They may have stuff in common, but they're far more different than they are the same. In fact, the only thing I really see in common between them is the impracticality of what they seem to be asking for - at least when taken to the extreme.
    In the beginning the Universe was created. This has made a lot of people very angry and been widely regarded as a bad move. (Douglas Adams)

  6. #31
    Cyburbian imaplanner's avatar
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    ^^^ true, but alot of the tea party anger was aimed at the banking bailout and the socializing of private banking losses. At least it seemed like that until Fox News adopted the tea party and it became more of an anti-Obama movement. I still think alot of the anger both movements have stem from the government propping up the shennanigans of wall street.
    Children in the back seat can cause accidents - and vice versa.

  7. #32
    Cyburbian
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    Except the anger of this movement isn't directed at Wall Street per se but rather how the massive income disparity is allowed to happen by the people in power. That issue seems to be the unifying thing behind all these different protesters. It also seems to be the biggest difference between them and the Tea Party. The Tea Party seems unconcerned with wealth inequality, they just want the government out of everything. This OWS group just sees the government as being bought out by the entities that they were supposed to regulate.

    I'm actually happy that these protests are gaining traction for if nothing else, they're pointing out the glaring wealth inequalities present in this country. I figured the US was overdue for a movement like this considering the employment situation for people in their 20s.

  8. #33
    Cyburbian imaplanner's avatar
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    I just heard that the total amount of wealth in the world is about 125 trillion dollars US. But the total amount of derivatives traded by wall street exceeds 500 trillion.
    Children in the back seat can cause accidents - and vice versa.

  9. #34
    Cyburbian kalimotxo's avatar
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    Quote Originally posted by stroskey View post
    Nor have the populous solutions.

    The stories about medical problems on that website are pretty sad.
    Exactly what solutions in the last three years would you classify as populist (I'm going to assume that's what you meant)? "Financial" reform was a joke and by many accounts were heading for the same cliff we unwittingly fell off in 2007-2008. I haven't seen a single "populist" solution. Both parties play on populist anger to seek policies that only further entrench the status quo. The Tea Party is a perfect example - the anger is real and palpable, but its proponents are being played like fiddles by the same assholes that got us into this mess.
    Process and dismissal. Shelter and location. Everybody wants somewhere.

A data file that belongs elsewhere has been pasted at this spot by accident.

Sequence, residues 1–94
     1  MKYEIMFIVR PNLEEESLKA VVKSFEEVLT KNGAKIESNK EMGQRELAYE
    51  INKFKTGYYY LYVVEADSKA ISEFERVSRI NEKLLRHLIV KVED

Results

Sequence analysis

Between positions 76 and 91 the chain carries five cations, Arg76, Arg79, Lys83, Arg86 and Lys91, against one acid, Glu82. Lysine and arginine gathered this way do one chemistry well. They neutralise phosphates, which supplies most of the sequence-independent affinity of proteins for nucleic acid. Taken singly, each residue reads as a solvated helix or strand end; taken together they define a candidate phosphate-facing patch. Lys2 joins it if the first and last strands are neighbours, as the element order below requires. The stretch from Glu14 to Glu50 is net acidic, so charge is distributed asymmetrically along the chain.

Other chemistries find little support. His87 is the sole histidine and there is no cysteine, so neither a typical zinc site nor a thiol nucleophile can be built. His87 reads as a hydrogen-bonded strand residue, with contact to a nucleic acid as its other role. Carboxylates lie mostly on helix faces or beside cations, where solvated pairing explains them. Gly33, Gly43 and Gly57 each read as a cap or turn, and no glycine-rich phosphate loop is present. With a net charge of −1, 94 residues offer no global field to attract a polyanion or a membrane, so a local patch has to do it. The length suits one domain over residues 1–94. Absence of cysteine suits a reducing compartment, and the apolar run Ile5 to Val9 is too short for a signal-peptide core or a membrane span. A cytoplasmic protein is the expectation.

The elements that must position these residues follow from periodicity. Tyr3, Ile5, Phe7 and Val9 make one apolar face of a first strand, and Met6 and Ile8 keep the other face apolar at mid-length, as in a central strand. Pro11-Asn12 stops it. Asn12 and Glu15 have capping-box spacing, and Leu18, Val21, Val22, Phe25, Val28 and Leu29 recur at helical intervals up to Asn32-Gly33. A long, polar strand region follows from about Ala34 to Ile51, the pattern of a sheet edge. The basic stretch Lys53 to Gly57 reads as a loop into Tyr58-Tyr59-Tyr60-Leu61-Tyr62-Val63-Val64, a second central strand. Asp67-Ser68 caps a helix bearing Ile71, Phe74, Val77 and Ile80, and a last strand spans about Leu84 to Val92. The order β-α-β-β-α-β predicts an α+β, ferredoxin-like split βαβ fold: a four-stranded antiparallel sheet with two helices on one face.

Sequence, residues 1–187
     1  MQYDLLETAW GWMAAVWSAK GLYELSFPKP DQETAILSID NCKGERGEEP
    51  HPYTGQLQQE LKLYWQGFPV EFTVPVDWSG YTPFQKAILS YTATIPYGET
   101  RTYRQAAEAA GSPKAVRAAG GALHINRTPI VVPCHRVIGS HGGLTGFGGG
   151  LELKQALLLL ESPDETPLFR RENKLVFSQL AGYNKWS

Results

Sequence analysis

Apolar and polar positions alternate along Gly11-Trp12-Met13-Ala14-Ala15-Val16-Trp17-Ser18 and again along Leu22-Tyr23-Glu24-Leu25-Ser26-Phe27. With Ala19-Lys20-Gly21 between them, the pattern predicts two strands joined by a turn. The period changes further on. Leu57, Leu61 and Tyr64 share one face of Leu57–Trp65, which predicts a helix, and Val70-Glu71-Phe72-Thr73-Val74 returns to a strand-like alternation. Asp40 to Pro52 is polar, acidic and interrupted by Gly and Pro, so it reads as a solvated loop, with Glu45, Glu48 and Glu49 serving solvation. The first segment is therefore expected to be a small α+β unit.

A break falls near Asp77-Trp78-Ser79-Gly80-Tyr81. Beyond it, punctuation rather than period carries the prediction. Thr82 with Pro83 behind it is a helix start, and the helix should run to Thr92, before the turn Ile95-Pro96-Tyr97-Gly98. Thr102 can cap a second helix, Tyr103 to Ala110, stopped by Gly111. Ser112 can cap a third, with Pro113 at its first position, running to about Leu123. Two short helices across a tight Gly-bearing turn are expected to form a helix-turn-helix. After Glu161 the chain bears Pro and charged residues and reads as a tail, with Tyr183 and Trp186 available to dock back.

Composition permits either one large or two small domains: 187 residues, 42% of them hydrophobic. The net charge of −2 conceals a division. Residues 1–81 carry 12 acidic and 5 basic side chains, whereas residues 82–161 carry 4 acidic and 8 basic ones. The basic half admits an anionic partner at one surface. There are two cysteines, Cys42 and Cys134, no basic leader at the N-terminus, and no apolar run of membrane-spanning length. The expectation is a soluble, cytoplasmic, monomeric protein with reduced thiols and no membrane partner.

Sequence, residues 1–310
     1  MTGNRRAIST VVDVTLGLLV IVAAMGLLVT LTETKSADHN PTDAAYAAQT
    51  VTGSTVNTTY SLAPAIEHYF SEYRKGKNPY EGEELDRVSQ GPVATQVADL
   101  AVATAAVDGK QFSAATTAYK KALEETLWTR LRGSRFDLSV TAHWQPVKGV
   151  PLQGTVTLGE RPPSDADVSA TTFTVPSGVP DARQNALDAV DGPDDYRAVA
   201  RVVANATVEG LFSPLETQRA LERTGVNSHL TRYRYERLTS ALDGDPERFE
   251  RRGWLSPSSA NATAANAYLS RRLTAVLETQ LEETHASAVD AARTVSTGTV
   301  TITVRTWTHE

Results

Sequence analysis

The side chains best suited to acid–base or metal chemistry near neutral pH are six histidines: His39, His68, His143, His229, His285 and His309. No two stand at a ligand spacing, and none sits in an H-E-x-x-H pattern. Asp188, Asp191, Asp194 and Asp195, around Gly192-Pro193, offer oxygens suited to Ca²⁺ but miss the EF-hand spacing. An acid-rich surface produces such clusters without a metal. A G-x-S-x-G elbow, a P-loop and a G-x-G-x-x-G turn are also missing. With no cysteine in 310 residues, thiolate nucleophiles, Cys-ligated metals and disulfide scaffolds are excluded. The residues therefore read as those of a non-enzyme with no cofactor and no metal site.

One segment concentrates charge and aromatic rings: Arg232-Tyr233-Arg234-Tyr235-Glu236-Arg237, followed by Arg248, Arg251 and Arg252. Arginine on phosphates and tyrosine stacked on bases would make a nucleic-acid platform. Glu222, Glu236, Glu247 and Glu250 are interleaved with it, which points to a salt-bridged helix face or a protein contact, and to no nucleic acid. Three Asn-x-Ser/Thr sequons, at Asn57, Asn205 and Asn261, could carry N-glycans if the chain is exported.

10. #35
    Cyburbian Tarf's avatar
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    Quote Originally posted by kalimotxo View post
    Exactly what solutions in the last three years would you classify as populist (I'm going to assume that's what you meant)? "Financial" reform was a joke and by many accounts were heading for the same cliff we unwittingly fell off in 2007-2008. I haven't seen a single "populist" solution. Both parties play on populist anger to seek policies that only further entrench the status quo. The Tea Party is a perfect example - the anger is real and palpable, but its proponents are being played like fiddles by the same assholes that got us into this mess.

    The populism, imo, happened after the bank bailouts. The push back was so hard that the government became unable to continue stimulus spending in other areas of the economy, which would have ultimately brought us out of stagnation (or at least, quicker).

    Instead, we're left fighting over a $450 billion jobs bill that will do practically nothing for fixing the economy, and even that proposal faces a serious uphill battle.

    It almost seems as though the same people complaining about the economy and blaming Obama are also the ones screaming at the top of their lungs not to give Obama the very tools he would need to adequately address the problem.

    Also, going into austerity mode when you're in no danger whatsoever of defaulting on your debt, and in the middle of an historic recession, is simply moronic. And populist as well
    In the beginning the Universe was created. This has made a lot of people very angry and been widely regarded as a bad move. (Douglas Adams)

  11. #36
    Cyburbian michaelskis's avatar
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    I find it funny that people are using their I-Phones and I-Pads and some even using the Apple Store WIFI to protest big business… like Apple?

    I agree that there is too much corporate corruption, but I don’t think this is the way to solve it. Perhaps public education about these corporations would be better.

    I am going to reach way back and say the answer is for more small businesses on Main Street and I-Street. (internet) We need to revitalize the entrepreneurial spirit. I think that the bail outs were a massive mistake. Those corporations would have gone under, but the demand for services would have remained. This would have resulted in the replacement of one major company with thousands of small businesses.
    Not my monkey, not my circus. - Old Polish Proverb

  12. #37
    Cyburbian stroskey's avatar
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    I really liked this one.
    I burned down the church to atone for my transgressions.

  13. #38
    Cyburbian imaplanner's avatar
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    Quote Originally posted by michaelskis View post
    .